> well-advertised events where this got discussed...

If it's documented on paper, it didn't happen. :-)

Discussions in smoke-filled rooms, even if they are well-advertised,
don't really impress me.... (This isn't your fault, but Microsoft's.)

- Ted


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Old 07-09-2012, 04:31 PM
Matthew Garrett
 
Default EFI in Debian

On Mon, Jul 09, 2012 at 12:26:49PM -0400, Ted Ts'o wrote:
> On Mon, Jul 09, 2012 at 04:48:38PM +0100, Matthew Garrett wrote:
> > Hey, it's hardly my fault that nobody else bothered turning up to the
> > well-advertised events where this got discussed...
>
> If it's documented on paper, it didn't happen. :-)
>
> Discussions in smoke-filled rooms, even if they are well-advertised,
> don't really impress me.... (This isn't your fault, but Microsoft's.)

I look forward to the LF's discussion of this being made public, then.

--
Matthew Garrett | mjg59@srcf.ucam.org


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Old 07-10-2012, 10:08 AM
"Thomas Preud'homme"
 
Default EFI in Debian

Le lundi 2 juillet 2012 18:42:13, Steve McIntyre a écrit :
> Hey folks,
>
> As you might have seen from recent discussions about the Fedora and
> Ubuntu strategies for how to deal with EFI and Secure Boot, there are
> potentially major issues in the area. In Debian we don't (yet) have a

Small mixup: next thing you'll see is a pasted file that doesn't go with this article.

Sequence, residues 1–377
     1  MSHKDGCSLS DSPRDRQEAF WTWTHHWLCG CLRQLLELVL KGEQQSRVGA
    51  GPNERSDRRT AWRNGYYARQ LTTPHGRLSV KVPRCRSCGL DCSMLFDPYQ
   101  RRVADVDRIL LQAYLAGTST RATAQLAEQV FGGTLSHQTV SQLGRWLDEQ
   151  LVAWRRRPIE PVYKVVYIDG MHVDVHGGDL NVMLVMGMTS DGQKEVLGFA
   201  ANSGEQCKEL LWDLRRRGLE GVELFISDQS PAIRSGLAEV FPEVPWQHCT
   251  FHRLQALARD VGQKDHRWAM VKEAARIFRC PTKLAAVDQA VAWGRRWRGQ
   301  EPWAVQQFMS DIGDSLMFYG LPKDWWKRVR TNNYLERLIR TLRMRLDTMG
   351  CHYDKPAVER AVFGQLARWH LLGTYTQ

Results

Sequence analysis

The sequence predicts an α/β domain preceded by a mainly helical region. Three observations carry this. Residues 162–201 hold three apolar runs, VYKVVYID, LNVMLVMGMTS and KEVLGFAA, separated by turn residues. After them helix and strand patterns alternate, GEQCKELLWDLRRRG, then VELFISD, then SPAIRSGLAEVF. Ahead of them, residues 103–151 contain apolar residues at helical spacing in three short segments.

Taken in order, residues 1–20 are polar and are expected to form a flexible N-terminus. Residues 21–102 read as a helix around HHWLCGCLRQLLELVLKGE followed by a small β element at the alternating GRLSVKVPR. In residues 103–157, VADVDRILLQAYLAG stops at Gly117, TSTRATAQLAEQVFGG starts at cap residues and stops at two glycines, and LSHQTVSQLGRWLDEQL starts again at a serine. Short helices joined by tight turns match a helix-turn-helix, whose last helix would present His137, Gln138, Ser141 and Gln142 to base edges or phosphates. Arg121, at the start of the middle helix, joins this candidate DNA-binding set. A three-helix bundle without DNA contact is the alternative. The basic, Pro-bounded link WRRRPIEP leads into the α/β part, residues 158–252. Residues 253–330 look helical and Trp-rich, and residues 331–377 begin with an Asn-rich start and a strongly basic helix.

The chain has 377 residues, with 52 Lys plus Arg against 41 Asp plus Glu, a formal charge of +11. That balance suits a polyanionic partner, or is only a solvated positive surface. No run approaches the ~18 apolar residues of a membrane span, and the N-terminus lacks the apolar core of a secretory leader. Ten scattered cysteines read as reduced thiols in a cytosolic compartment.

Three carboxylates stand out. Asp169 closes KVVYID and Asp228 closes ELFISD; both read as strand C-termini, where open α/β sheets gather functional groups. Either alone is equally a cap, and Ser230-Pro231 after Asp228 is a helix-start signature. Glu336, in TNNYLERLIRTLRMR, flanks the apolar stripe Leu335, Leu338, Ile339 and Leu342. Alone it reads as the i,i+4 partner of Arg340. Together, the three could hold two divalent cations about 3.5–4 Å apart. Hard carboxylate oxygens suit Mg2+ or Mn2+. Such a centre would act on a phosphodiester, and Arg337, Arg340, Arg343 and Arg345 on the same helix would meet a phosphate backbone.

> plan, so it's high time that we had some discussion. I've set up a BoF
> at DebConf for this:
>
> https://penta.debconf.org/penta/schedule/dc12/event/925.en.html
>
> That's Monday 9th July, 15:00 local time (21:00 UTC).

Sorry for my naive questions but I want to be sure I understand the goal
behind secure boot correctly. I'm not talking about Microsoft here but as
stated by Bdale yesterday there is many people who see a value in secure boot
to protect their system. Please correct any mistake I do in my reasonning and
if I'm plain wrong just ignore my email or send me a notice on IRC or private
email. Suggestions for the implementation are after the questions.

What I'd really like to understand is why is protecting the boot so important
for these people? Secure boot is designed to prevent booting code anywhere in
the boot sequence which is infected by a malware. But if such an infection
happens, it means a flaws in the system was used during the last run. It should
normally not be possible to modify any of the code in the boot sequence
without appropriate privilege.

When the flaws was exploited, then the attacker had sufficient access to change
e.g. EFI and could thus have done whatever nasty things he wanted on the
system. And as long as the system is not rebooted, nothing can prevent it to
do so.

From this, I came to the conclusion that secure boot only provides additional
security when the administrator discover the flaws, either via a
CVE/DSA/whatever announce, or because he realized the system is having a
strange behavior (ex: something suspicious in the logs). Then, he will try to
patch the flaw by upgrading its kernel and want to be sure at reboot that the
malware didn't manage to infect the patched kernel in the mean time. In other
words, the administrator want to be sure at reboot that the problem is solved
(at least for this flaw, there could be other flaws of course but they need to